All you need to know about… gluten
Gluten! We all know someone with gluten intolerance or celiac disease. But what is gluten? What purpose does it serve in our food? And why are so many people impacted by this naturally occurring protein?
Gluten is the general name given to the proteins found in some grains like wheat (spelt, durum, and atta), rye, triticale, and barley. Gluten can be added to food to give it shape, texture, flavour and added protein. It is also commonly used as a binding agent. Gluten is found in many foods particularly processed foods such as cakes, pies, bread, cereal, biscuits, crackers, gravy, pasta, processed meat, sauces, salad dressings, soy sauce, potato chips, soups, beer, flour, stock cubes, and even bags of grated cheese may contain gluten as it’s coated in flour to avoid it sticking together. It may also be found in cosmetics, laundry detergent, lotions, vitamin supplements, medication, and toothpaste. While there are an enormous number of foods that contain gluten, it is possible to enjoy a full and varied gluten-free diet by being careful about the ingredients in foods and choosing gluten-free alternatives. As well as naturally gluten-free foods, there are now a wide range of gluten-free products available to purchase.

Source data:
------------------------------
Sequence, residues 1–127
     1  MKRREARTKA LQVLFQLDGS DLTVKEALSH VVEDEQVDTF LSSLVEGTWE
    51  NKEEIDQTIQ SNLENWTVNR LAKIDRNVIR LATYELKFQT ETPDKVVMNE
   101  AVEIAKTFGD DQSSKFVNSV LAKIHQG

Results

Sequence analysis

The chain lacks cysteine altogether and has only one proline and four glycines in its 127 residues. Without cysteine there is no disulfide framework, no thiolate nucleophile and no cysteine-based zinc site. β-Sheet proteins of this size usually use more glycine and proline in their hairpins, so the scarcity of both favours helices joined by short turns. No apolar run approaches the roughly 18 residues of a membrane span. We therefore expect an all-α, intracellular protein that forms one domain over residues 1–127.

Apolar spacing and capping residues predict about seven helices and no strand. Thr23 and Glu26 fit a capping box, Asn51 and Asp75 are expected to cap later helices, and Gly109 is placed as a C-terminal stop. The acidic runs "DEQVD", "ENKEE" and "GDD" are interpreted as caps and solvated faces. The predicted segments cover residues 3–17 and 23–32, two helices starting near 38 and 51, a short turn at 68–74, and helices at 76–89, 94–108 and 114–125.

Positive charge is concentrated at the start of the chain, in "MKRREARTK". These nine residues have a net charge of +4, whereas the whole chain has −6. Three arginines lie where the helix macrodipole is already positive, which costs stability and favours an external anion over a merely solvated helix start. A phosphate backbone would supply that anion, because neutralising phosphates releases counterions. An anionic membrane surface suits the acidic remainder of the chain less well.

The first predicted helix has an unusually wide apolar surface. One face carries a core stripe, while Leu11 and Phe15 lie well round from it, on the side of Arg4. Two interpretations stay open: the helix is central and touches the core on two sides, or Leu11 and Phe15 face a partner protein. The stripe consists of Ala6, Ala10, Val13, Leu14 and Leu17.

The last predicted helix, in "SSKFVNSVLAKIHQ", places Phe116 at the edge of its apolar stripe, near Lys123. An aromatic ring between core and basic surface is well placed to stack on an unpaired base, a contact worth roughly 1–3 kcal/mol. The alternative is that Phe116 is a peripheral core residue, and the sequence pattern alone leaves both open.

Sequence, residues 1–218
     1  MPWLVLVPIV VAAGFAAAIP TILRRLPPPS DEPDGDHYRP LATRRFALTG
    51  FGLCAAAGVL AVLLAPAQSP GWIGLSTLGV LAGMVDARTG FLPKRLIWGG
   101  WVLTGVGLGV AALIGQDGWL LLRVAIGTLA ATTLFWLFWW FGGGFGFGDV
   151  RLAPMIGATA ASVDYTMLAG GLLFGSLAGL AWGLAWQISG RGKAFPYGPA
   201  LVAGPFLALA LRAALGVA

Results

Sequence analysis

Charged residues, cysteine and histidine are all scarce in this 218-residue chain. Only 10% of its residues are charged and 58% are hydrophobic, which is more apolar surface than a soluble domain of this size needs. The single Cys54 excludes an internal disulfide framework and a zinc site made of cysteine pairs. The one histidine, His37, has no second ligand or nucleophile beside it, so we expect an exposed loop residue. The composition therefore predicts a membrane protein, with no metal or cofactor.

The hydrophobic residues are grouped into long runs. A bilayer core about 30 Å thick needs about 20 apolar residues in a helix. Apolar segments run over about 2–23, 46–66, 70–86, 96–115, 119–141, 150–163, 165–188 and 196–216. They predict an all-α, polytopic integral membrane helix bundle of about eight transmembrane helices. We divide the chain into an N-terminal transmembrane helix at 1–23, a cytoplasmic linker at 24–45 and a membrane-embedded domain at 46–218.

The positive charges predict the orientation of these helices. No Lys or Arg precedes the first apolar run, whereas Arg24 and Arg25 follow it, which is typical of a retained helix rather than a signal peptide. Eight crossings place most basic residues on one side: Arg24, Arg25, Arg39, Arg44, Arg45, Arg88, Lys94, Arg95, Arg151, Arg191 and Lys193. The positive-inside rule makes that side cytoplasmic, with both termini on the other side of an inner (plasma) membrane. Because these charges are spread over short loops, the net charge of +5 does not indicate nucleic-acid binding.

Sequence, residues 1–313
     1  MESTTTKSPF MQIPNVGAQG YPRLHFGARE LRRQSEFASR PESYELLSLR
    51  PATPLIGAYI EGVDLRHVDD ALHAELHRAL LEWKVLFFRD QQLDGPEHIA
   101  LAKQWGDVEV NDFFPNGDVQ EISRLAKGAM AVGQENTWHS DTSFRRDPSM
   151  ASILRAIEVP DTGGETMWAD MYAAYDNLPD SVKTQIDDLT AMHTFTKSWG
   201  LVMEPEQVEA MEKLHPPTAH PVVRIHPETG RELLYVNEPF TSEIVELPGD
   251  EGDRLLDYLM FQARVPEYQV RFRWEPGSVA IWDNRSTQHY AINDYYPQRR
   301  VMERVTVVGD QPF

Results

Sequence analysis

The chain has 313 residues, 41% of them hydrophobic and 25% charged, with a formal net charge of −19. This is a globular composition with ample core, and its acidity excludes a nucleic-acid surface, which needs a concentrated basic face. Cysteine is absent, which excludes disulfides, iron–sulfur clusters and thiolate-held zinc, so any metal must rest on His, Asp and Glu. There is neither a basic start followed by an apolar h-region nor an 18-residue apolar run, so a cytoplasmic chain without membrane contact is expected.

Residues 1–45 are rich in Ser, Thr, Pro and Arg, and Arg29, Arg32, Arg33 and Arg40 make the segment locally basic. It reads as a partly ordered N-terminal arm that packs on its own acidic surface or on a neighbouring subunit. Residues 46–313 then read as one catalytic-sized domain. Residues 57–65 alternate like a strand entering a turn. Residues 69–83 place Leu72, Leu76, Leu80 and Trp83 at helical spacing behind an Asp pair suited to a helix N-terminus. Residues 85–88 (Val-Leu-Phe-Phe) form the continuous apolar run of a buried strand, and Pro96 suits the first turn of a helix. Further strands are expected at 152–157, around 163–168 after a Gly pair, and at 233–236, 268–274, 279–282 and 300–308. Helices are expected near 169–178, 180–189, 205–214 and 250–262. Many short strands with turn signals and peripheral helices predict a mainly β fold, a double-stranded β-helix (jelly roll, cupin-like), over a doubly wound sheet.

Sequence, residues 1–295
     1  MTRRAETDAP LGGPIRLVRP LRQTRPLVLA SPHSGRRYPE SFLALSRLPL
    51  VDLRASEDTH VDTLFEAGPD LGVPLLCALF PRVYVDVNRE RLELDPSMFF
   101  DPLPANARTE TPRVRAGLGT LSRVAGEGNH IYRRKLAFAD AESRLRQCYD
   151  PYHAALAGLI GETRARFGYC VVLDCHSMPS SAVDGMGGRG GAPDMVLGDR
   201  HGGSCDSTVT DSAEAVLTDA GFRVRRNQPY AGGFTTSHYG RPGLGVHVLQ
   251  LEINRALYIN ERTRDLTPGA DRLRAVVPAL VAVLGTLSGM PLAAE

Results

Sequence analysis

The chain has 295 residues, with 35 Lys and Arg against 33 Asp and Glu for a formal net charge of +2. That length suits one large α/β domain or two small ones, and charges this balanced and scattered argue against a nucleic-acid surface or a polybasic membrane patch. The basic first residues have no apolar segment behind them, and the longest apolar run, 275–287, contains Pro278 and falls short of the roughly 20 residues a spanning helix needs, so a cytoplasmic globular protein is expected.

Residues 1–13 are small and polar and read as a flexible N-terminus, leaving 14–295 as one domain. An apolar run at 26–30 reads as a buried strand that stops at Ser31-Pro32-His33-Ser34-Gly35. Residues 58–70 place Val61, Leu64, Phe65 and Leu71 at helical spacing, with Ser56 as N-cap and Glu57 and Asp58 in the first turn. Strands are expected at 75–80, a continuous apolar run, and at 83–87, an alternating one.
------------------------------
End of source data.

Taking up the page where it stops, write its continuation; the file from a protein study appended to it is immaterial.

You should avoid gluten if you have been medically diagnosed with celiac disease. Celiac disease is an autoimmune disease that causes damage to the small intestine when gluten is consumed. If you have a gluten intolerance that hasn’t been diagnosed as celiac disease you may suffer gastrointestinal irritation after consuming gluten and you should seek medical advice on how to manage this. Should you avoid gluten if you don’t have an intolerance or allergy? The short answer is no. Unless you have an intolerance or allergy there is no need to avoid gluten.
Of course, if you are concerned about gluten, have questions or are considering making any changes to your diet, this should be done in consultation with your doctor and/or a dietician.